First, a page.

Happy Birthday Euratom!
Two treaties were signed in Rome on 25 March 1957, but at the celebrations marking the 50th birthday of the European Union this year, one is guaranteed to get far more attention than the other.
While the more famous of the treaties established the European Economic Community (EEC), later to become the European Community (EC) and then the European Union (EU), a second created the European Atomic Energy Community, more commonly known then and now as Euratom.
It is no wonder that the EEC Treaty will be at the forefront of the celebrations - it was the beginning of the most ambitious project ever to create a supranational community of sovereign states. Members were willing to hand over at least some of their national competences to a set of institutions based predominantly in Brussels.
But the creation of Euratom, and its 50-year existence, are also no mean feat. CORDIS News spoke to Simon Webster, Head of Unit for Nuclear Fission and Radiation Protection within the European Commission's Research DG, to find out more about Euratom's history, as well as its future.
'European research' was conceived for the first time in the Euratom Treaty, and it put in place the provisions for the Community research programmes that were to follow later. 'It was very innovative at the time. We have to thank the founders of the Treaty for their vision in this regard,' says Mr Webster.
Though comprising the same Member States, Euratom is juridically distinct from the rest of the European Community. It uses the same institutions, but the major difference is that while the European Parliament is consulted, the Council alone acts as the legislature. When is comes to the adoption of the Euratom research programmes, the Member States need to agree unanimously. This was not so much of a problem when there were only six Member States, but it can be a different story now that there are 27.
Euratom has eight tasks, or areas of competence, as set out in the Treaty. These include establishing uniform safety standards to protect workers and members of the public, facilitating investment in and ensuring the establishment of the basic installations necessary for developing nuclear energy, ensuring that all users receive a regular and equitable supply of ores and nuclear fuels, and making sure that civil nuclear materials are not used for military purposes.
Another task is research. The Community is charged with promoting research and ensuring the dissemination of technical information. Under the Seventh Euratom Framework Programme for nuclear research and training, which runs from 2007 until 2011, a funding envelope of €2,751 million is available, of which €1,947 million is for fusion research (including ITER), €517 million for the nuclear activities of the Joint Research Centre (which was set up under the Treaty), and €287 million for indirect actions in nuclear fission and radiation protection, for which the Commission publishes calls for proposals at regular intervals.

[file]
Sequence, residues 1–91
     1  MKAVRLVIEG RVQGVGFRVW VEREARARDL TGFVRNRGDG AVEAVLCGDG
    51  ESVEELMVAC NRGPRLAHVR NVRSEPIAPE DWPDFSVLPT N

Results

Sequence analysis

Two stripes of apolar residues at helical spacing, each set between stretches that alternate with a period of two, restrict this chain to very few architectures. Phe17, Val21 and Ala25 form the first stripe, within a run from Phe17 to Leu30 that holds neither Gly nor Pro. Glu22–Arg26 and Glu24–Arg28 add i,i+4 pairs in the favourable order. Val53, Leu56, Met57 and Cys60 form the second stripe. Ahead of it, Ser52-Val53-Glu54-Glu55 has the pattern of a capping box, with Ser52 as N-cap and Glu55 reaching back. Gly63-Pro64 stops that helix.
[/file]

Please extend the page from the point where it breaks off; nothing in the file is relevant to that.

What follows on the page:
Unlike funding for the larger European Community framework programme and (thanks to ITER) that for fusion research, which have increased substantially, Euratom's budgetary increases in the area of nuclear fission and radiation protection have merely stayed level with inflation. 'This will impact on our effectiveness, and the ability of Europe as a whole to keep pace with the nuclear renaissance worldwide,' says Mr Webster. In addition, because of the different legal bases, the Euratom programme does not have access to some of the additional funding mechanisms available under the EC framework programmes.
The fusion community has also managed to come together more than the fission community. In fact, 'Fusion is the only area, including those in the non-nuclear field, where there is a true European Research Area. This is mainly because there are no national interests at stake in fusion. In fission we can have the same problems as any other area - fragmentation and duplication,' says Mr Webster. Another important difference is that while Euratom provides between 30% and 40% of funding for fusion research in Europe, the figure is more like 5% for fission.